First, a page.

The government’s ’digital by default’ missive is being levied at the justice system
The government has announced a £1 billion programme to completely shift the UK’s justice system from paper-based processes to digital technologies.
While some elements of the programme are underway, the government’s Transforming Our Justice System report noted its ambitions to drive a “wholesale shift to accessing justice digitally” to ensure it makes better use of modern IT and enables online access to cases across the justice system.
“We will provide online access by developing a single online system for starting and managing cases across the criminal, civil, family and tribunal jurisdictions,” the report said.
“This will help people understand their rights and what options are open to them. Less visible to the public will be the widespread introduction of robust document and case management systems, to replace the highly inefficient paper filing systems of today – measures that will improve efficiency throughout.”
Digital by default
The report noted that with such an IT overhaul, it expects some cases to be handled entirely online and virtually rather than rely on physical courtrooms, but in the short term the government aims for every case to be started online, even if it ends up in physical court.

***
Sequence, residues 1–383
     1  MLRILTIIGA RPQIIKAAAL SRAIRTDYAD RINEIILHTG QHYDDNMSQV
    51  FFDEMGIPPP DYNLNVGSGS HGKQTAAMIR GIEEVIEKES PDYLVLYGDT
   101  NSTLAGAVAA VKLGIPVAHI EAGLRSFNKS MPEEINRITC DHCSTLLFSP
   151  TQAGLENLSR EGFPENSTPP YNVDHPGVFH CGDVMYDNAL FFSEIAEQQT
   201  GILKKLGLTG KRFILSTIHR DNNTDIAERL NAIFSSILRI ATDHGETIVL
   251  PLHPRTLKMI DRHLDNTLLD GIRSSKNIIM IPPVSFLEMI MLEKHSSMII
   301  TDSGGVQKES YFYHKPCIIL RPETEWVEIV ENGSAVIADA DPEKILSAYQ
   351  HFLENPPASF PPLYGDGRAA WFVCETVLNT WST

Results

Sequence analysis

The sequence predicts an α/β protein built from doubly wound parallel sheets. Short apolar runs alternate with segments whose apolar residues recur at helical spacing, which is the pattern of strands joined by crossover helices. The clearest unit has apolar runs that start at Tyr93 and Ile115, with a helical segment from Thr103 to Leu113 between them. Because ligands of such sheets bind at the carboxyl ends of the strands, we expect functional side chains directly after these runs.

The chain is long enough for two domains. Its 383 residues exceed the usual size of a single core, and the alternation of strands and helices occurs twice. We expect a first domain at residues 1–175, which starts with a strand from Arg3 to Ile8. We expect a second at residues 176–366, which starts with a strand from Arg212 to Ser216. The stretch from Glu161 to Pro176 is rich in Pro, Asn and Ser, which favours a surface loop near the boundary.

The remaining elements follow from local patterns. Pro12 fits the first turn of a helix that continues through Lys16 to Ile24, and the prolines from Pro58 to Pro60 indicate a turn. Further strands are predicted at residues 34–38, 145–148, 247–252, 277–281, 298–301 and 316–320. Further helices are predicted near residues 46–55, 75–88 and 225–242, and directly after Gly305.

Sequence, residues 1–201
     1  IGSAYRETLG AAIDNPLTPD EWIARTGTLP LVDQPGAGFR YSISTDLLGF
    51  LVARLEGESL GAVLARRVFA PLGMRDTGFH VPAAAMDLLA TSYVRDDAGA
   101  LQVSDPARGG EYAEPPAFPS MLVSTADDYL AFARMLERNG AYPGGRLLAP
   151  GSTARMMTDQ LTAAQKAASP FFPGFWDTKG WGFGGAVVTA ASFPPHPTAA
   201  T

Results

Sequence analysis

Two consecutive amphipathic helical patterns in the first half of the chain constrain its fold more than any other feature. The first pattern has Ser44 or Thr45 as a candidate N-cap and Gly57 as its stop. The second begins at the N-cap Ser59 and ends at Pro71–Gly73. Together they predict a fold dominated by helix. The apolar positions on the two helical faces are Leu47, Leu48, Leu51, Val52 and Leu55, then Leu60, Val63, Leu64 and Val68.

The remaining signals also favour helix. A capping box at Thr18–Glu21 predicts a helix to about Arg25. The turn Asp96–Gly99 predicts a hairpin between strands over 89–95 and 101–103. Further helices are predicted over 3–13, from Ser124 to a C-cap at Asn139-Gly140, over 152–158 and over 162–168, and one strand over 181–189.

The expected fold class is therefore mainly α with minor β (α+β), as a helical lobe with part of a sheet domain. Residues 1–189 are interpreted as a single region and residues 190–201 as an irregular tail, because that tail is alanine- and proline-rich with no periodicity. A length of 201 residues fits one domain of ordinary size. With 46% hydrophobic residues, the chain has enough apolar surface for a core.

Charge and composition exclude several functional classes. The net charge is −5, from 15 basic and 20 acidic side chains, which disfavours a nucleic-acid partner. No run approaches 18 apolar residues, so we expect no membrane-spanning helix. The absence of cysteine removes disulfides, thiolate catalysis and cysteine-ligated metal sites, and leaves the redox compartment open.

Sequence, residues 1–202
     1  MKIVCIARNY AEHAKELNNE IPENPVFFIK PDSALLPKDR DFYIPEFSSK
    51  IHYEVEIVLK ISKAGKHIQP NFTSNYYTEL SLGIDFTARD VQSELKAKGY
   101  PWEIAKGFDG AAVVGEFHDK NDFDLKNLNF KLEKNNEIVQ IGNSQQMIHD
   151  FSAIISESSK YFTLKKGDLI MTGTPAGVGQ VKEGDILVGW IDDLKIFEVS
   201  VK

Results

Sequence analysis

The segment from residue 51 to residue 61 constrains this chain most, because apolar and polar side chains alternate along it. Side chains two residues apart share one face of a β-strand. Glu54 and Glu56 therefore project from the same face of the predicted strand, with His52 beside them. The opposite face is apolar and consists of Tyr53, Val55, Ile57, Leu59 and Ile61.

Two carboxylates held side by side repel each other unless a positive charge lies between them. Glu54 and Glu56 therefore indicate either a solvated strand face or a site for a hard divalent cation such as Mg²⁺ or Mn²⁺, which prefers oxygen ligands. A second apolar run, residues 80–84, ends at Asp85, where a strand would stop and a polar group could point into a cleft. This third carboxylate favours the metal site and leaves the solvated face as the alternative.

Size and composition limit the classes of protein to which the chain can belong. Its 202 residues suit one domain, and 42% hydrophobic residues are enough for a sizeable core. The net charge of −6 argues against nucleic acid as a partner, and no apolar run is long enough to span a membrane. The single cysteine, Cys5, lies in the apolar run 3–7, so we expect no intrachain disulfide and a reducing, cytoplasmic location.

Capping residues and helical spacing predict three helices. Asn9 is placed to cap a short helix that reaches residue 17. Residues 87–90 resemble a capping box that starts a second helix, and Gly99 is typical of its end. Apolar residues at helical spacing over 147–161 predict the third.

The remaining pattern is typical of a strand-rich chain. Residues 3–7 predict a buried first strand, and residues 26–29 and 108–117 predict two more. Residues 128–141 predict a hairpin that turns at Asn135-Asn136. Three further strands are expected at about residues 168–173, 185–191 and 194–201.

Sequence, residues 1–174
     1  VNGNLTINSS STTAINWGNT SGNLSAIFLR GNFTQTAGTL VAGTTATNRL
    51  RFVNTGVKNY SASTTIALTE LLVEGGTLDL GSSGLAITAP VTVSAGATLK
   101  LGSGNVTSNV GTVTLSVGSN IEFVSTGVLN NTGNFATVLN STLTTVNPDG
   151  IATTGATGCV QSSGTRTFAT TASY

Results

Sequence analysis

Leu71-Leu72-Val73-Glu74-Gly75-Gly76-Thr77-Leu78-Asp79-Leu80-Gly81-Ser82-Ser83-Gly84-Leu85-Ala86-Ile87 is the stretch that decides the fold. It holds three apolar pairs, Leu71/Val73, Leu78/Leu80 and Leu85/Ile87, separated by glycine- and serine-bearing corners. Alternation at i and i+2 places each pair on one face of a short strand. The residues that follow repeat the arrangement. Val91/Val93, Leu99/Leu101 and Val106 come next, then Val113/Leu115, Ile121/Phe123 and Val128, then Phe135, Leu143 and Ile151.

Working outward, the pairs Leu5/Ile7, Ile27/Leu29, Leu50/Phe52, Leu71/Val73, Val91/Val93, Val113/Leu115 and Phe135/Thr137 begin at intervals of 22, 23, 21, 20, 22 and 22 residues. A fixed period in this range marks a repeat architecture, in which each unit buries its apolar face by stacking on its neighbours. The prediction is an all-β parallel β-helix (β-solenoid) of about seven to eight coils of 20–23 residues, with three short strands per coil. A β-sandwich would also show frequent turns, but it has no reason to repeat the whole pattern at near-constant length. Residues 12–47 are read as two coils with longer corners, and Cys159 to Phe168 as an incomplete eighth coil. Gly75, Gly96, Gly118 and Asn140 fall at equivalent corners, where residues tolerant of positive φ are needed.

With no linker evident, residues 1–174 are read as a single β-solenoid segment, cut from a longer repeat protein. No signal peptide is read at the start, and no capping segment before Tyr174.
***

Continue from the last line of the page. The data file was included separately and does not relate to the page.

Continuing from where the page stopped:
“The first is our aim for all cases to be started online, whether or not they are scheduled for the traditional system or for online resolution. The second will be the completion of some cases entirely online, which will be much more convenient for everyone involved,” it said.
The report noted than many criminal courts already provide Wi-Fi access to legal professionals and casework is transferred digitally between the police and the Crown Prosecution Service, while prosecutors can present magistrates’ court cases using laptops and video screens.
Yet under the government’s ambition to make the public sector ‘digital by default’ further change in the justice system is on its way, with the goal of creating a system that allows the management of criminal cases from charge to conviction to be conducted completely online by linking courts to the criminal justice system.
With this goal the government is aiming to do away with old paper-based processes and the cut out pseudo digital ways of working whereby people scan pieces of paper or cart evidence around on CCTV tapes and CDs.
The overall mission of this digital transformation is to make the justice system more transparent, accessible and efficient through cutting down on bureaucracy.
The government’s digital transformation goals are ambitious, with the Government Digital Service (GDS) in place to ensure Whitehall and the wider public sector over from old IT and analogue systems to shared digital services.
However, a recent shake-up in GDS’ leadership raises questions over how it can achieve its lofty goals, though the likes of the NHS push on with digital transformation regardless.